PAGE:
My parents wanted to give me and my 2 sisters the opportunity to live in a rural community. After living in the city of Grand Rapids we moved out to the country in Clarksville, MI and at that home I got my first three pygmy goats and had many bantam chickens along with large vegetable gardens. We canned a lot of food growing up, peaches, applesauce, green beans, dilly beans (my favorite), tomatoes and tomato sauce, corn and more. Here I am holding a basket of peas and a few tomatoes, standing in our very large vegetable garden with my trusty radio flyer wagon. At this house, I bartered horse chores for riding lessons and showing horses with the neighbor across the street. It was an amazing childhood.

4-H was My Thang

When I was a teenager, we moved to a parcel of 12 acres in Clarksville and my parents built a new home. We continued some gardening and had the majority of the acreage planted with alfalfa and it was harvested for cattle across the road and for my pygmy goats. It was at this house when I really got to explore my love of pygmy goats. As I got older, I began purchasing more pygmy goats and breeding them for show and for sale. At one time I counted how many animals I had over my high school career and I believe it was around 30. I worked hard to improve my goat’s confirmation and breed standard characteristics as I only owned one registered buck at the time.

I excelled in the local goat 4-H program, won countless ribbons, trophies and awards over the years and taught 3 pygmy goats to pull me in a 4-wheeled cart for parades and competitions. I showed horses, rabbits, goats and chickens in my time at the local youth fair. I competed and represented our fair at the State fair and even won the coveted Senior Showmanship Sweepstakes my last year (you show all 10 species of 4-H animals, horses, steer, dairy cows, sheep, goats, dogs, chickens, cavy, rabbits and pigs). 4-H was the foundation of my youth and taught me so many valuable lessons going in to adulthood and I know I wouldn't be who I am today without it. It's also how I met my husband, Ken!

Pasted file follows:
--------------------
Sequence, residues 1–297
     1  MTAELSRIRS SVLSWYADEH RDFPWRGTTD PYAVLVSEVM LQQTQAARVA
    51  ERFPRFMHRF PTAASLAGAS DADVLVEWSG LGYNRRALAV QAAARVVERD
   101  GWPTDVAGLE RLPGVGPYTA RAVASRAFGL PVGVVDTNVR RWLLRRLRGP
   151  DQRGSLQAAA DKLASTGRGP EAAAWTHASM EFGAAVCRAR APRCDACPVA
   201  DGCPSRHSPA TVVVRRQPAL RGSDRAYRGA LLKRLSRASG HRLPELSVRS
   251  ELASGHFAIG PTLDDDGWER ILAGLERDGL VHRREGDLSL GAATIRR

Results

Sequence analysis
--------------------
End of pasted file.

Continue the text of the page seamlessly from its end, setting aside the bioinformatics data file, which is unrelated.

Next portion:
The Big Family Move

In 2015, my parents announced they would be moving back to California for a job for my dad. It was very sudden once everything came through. My family home with all of its memories and animals was going to be no more. Unfortunately, I was not able to take my beloved pygmy goats with me; I fell into a depression the years following having everything I loved taken away from me. Both of my sisters also relocated to California. We were incredibly blessed that the new home homeowners opted to keep my pygmy goats and added horses to the property as well! They took such wonderful care of my pygmy goats and let me come back and visit them in the years after.

My youngest sister Shelli and I shared a special bond especially with the pygmy goats as I got her showing and breeding them as well. This photo was taken on one of our visits back to see them. They recognized us every time we came. Some of them were bottle babies and babies from my previous breedings. The brown one on the right of the photo was Shelli's prized and award winning wether, Rilee. He followed her everywhere and came when she called him. It was heartbreaking not being able to take them with me. I am so thankful they got to live out their days on our family farm enjoying lots of open spaces, love, blue skies and green pastures.